Syrian rebels celebrated one of their greatest accomplishments on Friday: After months of fighting, in a significant blow to the government of President Bashar Assad, they managed to gain control of the strategic airbase of Taftanaz.
The Taftanaz air base in the northern Idlib province is considered the biggest field in the country’s north for helicopters used to bomb rebel-held areas and deliver supplies to government troops.
“With Allah’s help, we are headed in your direction, Bashar,” the rebels said in a statement published on rebel-affiliated websites, which celebrated the takeover.
“We should enjoy this victory,” one website wrote. “A first airport has fallen in the hands of rebels of the Jabhat al-Nusra Jihad fighters.”
Another website said, “We bring you the good news of the liberation of the military airport of Taftanaz and its complete purification. This airport is the biggest helicopter base in northern Syria and the second biggest in all of Syria, and is the gate for the liberation of the Idlib province with the help of Allah.”
Rebels from the al-Qaeda affiliated Jabhat al-Nusra and other Islamic groups have been fighting for weeks for control of the sprawling facility and broke into it on Wednesday evening. Activists said the rebels seized control of buildings, ammunition and military equipment after ferocious fighting at dawn.
“As of now, the rebels are in full control of the air base,” said Idlib-based activist Mohammad Kanaan.
Syrian Observatory for Human Rights director Rami Abdel Rahman said it was the first major military airport to fall into rebel hands. He said warplanes bombed it after the rebel takeover.
“The fighting at Taftanaz military airport ended at 11 am and the base is entirely in rebel hands,” he said.
Soon afterwards, it was raided by government jets, the Britain-based Observatory said.
“Warplanes are bombing Taftanaz military airport in an attempt to destroy it,” a statement said.
The news came as UN-Arab League special envoy on Syria Lakhdar Brahimi met Russian Deputy Foreign Minister Mikhail Bogdanov and US Undersecretary of State William Burns in Geneva.
Brahimi said that Russia seemed as determined as the United States to end Syria’s civil war, but that he didn’t expect a political solution to emerge anytime soon.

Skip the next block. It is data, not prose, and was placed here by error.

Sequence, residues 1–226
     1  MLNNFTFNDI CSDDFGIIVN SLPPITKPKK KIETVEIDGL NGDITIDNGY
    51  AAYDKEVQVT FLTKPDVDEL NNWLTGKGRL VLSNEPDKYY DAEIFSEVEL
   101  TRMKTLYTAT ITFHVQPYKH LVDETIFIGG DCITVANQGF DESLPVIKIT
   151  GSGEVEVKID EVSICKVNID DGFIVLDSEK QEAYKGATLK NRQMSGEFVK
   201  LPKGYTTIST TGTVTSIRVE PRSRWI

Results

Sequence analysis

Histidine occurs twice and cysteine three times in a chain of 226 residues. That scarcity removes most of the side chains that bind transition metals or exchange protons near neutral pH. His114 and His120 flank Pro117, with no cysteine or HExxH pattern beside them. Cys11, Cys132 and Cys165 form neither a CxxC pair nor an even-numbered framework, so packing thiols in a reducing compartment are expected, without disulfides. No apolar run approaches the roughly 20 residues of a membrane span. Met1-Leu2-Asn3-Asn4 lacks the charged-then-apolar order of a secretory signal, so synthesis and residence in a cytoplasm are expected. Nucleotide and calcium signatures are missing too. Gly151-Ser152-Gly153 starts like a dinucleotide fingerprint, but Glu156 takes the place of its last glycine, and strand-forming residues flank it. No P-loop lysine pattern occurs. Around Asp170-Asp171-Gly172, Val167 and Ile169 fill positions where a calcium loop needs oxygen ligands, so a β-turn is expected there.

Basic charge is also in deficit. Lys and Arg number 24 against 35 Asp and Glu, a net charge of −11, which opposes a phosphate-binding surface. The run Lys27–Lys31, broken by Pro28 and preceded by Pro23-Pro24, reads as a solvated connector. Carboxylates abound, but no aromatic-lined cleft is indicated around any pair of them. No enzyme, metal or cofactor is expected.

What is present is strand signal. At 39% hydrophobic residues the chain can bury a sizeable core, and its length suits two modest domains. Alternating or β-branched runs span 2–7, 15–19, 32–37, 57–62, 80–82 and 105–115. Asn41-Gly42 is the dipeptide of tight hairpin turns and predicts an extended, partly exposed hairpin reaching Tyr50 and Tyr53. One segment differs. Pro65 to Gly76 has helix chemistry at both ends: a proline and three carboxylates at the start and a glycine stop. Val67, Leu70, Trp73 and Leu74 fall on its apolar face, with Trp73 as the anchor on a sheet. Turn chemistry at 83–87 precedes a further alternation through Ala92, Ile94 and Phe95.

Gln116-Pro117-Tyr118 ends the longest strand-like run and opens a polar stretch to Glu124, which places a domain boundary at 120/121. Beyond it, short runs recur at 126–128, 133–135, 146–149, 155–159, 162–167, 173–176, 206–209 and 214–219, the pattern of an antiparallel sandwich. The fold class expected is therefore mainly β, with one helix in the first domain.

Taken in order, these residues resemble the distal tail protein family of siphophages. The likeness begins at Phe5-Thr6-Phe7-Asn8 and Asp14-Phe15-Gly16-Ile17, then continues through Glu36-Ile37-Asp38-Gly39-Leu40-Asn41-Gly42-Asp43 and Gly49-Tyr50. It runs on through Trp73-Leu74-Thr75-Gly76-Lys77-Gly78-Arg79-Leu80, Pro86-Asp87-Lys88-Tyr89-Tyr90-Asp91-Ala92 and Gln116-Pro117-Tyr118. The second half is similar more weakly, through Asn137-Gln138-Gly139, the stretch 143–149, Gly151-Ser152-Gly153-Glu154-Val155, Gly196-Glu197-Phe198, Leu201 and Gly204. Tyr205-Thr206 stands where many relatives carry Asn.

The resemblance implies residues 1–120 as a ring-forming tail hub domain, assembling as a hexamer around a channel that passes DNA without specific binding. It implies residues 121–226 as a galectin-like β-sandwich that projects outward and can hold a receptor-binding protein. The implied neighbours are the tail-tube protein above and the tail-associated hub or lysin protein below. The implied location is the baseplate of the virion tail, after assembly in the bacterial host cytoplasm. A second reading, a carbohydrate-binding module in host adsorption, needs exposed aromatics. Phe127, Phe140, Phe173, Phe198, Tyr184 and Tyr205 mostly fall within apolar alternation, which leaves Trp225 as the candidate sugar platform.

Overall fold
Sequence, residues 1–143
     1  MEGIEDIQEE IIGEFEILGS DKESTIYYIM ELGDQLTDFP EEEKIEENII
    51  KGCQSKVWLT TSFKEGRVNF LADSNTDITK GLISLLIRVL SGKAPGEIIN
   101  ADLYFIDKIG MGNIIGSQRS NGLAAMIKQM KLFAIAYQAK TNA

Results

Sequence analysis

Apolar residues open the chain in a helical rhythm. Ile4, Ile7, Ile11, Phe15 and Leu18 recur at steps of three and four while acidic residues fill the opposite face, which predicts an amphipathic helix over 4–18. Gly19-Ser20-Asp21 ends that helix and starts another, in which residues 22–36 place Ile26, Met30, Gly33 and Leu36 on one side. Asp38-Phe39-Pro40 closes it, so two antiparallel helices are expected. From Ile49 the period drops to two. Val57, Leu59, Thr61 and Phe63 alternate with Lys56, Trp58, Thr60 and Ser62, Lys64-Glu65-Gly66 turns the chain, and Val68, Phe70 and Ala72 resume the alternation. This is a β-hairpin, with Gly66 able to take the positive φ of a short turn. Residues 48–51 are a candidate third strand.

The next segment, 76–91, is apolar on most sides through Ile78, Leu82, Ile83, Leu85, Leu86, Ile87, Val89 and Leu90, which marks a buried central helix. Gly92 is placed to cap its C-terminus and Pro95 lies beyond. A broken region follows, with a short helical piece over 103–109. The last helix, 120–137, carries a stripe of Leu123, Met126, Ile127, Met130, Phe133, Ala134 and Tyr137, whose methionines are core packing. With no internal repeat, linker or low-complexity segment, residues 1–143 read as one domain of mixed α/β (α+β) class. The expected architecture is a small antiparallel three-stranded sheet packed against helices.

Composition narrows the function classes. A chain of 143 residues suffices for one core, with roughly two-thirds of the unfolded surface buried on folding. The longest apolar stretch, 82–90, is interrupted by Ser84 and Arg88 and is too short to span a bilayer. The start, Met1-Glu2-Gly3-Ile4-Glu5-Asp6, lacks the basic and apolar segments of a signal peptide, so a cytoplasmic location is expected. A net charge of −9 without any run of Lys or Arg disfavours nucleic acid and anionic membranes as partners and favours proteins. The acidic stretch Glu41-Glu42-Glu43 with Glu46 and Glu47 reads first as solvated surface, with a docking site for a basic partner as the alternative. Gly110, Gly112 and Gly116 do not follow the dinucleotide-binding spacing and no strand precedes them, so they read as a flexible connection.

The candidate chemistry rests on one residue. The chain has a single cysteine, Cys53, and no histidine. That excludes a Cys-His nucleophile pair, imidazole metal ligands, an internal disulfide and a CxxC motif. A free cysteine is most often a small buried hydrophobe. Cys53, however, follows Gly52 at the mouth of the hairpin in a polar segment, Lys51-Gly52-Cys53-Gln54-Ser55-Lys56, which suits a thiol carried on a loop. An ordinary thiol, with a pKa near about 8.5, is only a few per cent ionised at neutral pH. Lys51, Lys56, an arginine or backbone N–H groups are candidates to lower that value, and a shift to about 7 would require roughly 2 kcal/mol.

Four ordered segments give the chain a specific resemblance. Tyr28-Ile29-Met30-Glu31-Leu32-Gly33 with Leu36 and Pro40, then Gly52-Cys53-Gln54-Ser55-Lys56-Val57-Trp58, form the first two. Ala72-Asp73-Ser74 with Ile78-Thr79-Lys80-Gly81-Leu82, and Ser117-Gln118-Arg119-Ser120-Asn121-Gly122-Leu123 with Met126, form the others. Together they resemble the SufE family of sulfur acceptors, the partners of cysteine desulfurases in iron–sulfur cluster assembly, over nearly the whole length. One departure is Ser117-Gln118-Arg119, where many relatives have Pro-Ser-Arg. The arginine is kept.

“We are all very, very deeply aware of the immense suffering of the Syrian people, which has gone for far too long. We all stressed the need for a speedy end to the bloodshed, to the destruction and all forms of violence in Syria. We stressed again that in our view, there was no military solution to this conflict,” Brahimi told reporters.
But he acknowledged that “if you are asking me whether a solution is around the corner, I am not sure that is the case. What I am certain of is that there is an absolute necessity for people to continue to work for such a peaceful solution, and that it is the wider international community, especially members of the Security Council, that can really create the opening that is necessary to start effectively solving the problem.”
Brahimi’s five hours of talks with Bogdanov and Burns on Friday ended without any apparent deal. It was Brahimi’s second meeting in as many months with Bogdanov and Burns, who each left without making any public comments.
In December, Brahimi also met with Russian Foreign Minister Sergey Lavrov and US Secretary of State Hillary Rodham Clinton to discuss Syria.
Also on Friday, Arab media outlets reported that a car bomb exploded al-Tura Street in the Damascus.
Overnight opposition sources claimed Assad’s army massacred more than 50 people in the Al-Houl region in Al-Hasakah District, located in Syria’s northeast. The sources said most of the victims were women and children who were killed in aerial bombings and by artillery fire.